Honey in coffee? Not my cup of tea, so to speak. But then, I don’t like sugar or sweetener of any kind in mine.

    It wouldn’t surprise me if tea and coffee have an effect on the metabolism that includes utilization of glucose.

    “So let’s have another cup of coffee…”

  • Jeanette

    So, what happens if you don’t like coffee and don’t drink much tea? Would Mountain Dew (Diet, of course) do the trick? I hear it has a lot of caffeine, but when I used to drink caffeinated drinks they gave me horrible heartburn. :(

  • Jeanette

    Forgot to mention I am a Type 2 diabetic. Can’t walk anymore because I blew my left knee out twice walking.

    Got a big jolt on my last checkup in November though. Triglycerides high (overall cholesterol not bad) and now I have high blood pressure.

    I decided it was time to get back in shape and have lost 16 pounds at last weigh-in a week ago.

  • Ellen

    Too bad for me. I have tried coffee in every way imaginable, but I think it tastes horrid. I’ll stick to my tea. When I drink hot tea, I drink it with milk and sugar, but I drink iced tea unsweetened which always gives me a vague sense of being untrue to my southern upbringing.

  • dry valleys

    I use honey in all the settings in which I used to use sugar. But I don’t drink coffee, so for all I know it wouldn’t work in that context- who’s to say? :) Just an idea if you ever find yourself having some porridge or the like. It is good with bread as well. No meal with me is complete without a large bit of rye bread with all kinds of obscure toppings, a different one on each piece :)

    [Being Irish, I take my porridge straight. Love that stuff! -admin]

  • Georgia

    Good strong coffee, such as restaurant expresso, is a rich source of Niacin which is being used in a trial in California for the treatment of Alzheimer’s disease.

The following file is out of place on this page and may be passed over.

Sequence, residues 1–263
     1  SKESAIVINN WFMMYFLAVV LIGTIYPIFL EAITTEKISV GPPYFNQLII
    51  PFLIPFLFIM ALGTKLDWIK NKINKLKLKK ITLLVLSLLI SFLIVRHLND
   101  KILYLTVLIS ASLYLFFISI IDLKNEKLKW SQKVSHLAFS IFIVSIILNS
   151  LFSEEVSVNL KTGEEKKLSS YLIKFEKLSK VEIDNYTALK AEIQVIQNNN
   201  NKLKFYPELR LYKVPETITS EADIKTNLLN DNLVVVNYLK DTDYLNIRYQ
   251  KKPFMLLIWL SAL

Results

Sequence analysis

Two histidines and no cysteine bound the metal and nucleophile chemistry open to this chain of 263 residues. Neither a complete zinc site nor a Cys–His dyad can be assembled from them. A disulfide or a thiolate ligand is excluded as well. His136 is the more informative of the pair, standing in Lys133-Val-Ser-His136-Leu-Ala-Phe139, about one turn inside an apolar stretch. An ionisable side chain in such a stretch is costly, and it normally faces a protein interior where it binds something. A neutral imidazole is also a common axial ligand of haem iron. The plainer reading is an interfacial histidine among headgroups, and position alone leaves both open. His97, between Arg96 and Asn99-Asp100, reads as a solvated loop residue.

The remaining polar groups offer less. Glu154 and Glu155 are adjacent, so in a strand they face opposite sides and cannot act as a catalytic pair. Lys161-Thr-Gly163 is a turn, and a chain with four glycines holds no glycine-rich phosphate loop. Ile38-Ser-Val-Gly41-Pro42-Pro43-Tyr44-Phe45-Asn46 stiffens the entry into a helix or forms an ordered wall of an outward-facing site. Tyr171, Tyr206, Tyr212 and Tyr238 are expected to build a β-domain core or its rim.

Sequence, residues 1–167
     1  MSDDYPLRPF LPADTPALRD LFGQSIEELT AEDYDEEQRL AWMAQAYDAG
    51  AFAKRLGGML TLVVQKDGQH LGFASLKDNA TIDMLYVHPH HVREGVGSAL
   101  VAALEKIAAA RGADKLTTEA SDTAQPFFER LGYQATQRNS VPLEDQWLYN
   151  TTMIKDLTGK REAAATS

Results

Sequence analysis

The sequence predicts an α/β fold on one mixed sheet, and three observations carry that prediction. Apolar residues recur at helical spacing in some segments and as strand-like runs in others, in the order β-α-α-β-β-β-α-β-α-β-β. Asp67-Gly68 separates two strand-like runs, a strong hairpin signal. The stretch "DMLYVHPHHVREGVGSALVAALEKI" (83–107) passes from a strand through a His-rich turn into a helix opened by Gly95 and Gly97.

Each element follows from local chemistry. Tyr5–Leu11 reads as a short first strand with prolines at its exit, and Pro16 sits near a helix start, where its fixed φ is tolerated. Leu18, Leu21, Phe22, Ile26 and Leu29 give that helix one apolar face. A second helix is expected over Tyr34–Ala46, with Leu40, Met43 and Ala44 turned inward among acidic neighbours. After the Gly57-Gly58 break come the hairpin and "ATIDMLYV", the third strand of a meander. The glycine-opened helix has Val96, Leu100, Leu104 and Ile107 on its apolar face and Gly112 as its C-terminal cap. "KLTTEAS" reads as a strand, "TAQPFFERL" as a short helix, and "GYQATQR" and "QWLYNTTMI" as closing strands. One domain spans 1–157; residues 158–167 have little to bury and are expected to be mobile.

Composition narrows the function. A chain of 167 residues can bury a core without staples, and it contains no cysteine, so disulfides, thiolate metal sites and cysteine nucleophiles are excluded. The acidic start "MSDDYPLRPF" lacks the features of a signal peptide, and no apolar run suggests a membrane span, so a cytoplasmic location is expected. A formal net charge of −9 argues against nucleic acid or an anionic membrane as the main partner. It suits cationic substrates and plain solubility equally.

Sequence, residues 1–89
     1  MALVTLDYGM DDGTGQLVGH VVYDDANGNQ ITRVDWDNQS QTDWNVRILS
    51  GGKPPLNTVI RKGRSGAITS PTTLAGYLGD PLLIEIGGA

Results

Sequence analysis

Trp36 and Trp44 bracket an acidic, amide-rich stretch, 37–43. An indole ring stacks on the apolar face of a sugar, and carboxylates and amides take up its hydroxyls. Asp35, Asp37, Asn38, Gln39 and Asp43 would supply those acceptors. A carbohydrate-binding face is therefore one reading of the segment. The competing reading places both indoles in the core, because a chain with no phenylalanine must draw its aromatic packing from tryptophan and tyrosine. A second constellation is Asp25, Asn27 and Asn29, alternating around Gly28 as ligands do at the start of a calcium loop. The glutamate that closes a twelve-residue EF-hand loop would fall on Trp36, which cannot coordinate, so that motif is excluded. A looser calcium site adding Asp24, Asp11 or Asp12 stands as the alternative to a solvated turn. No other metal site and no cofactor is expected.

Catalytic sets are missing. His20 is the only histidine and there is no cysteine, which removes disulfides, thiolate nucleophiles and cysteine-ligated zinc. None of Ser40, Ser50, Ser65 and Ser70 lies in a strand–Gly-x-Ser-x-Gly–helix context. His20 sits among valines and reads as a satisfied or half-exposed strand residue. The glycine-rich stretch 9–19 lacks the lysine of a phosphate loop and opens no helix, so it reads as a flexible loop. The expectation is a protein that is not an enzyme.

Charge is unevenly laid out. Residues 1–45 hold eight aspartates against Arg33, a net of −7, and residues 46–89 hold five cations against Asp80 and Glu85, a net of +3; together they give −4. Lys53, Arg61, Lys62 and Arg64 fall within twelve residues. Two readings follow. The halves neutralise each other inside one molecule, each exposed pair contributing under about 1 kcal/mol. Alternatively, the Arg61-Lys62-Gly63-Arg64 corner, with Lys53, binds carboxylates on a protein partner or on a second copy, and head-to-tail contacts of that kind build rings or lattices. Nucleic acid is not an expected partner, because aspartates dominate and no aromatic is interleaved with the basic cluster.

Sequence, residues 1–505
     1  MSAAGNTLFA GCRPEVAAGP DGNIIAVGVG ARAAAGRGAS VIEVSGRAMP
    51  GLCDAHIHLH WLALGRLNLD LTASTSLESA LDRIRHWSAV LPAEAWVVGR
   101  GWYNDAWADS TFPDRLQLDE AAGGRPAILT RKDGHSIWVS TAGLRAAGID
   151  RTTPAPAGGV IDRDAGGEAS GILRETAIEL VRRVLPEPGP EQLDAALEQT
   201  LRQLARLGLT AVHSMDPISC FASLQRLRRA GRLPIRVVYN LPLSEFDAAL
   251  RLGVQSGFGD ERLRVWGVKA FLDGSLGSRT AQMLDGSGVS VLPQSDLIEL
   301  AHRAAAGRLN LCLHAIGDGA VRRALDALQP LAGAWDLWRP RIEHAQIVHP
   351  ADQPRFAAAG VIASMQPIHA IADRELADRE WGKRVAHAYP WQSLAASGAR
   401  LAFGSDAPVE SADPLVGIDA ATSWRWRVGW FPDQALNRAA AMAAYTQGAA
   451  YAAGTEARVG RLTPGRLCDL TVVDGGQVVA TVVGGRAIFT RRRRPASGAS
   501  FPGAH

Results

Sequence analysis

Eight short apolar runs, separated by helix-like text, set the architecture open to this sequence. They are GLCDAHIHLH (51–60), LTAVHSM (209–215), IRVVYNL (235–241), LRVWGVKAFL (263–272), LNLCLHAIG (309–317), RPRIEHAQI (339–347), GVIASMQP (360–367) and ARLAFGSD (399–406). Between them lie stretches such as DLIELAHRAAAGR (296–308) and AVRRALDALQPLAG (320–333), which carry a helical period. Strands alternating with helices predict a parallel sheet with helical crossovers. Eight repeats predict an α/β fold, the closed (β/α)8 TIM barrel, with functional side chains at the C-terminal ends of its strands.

So far, when I contacted the people there have been few troublesome side effects with the high doses given. If the results are good, they will expand the trials to multiple sites around the US (I don’t know about international sites)

    I have a close relative who was diagnosed with Alzheimers, so I am hoping this will be a successful study and of some benefit to her.

    There are some lifestyle and dietary changes that correlate with reduced likelihood of Alzheimers, such as regular moderate exercise, particularly walking, certain foods, (fish, nuts, blueberries) nutrients (vit C), regular sleep, reduced stress, stimulus of learning/memorizing/studying, social support, engaging with others, etc. Mayo gave us a list when she was diagnosed and other Alzheimer’s groups have such lists.

  • Myssi

    I rather think the Anchoress and I could be good kitchen friends. Coffee with a splash of milk, porridge straight up and toasted Irish soda bread. Manna from the Emerald Isle…

  • Brent

    I think that we need to remember this post is a snippet of research that has been done regarding the correlation between coffee/tea and diabetes. However, as with any scientific process results are never conclusive and are always challenged. I think the anchoress should be thanked for bringing this to us in an easily digested format to allow us to ask questions, dig deeper, and share information, but shouldn’t be chastised for posting it because you might have diabetes and drink coffee. Maybe a better route would be to research the published study and contact the researchers.

  • russ rentler

    If it wasn’t for the Catholic Church, we wouldn’t have this precious gift of coffee. check out my post here:

    Papacy and Coffee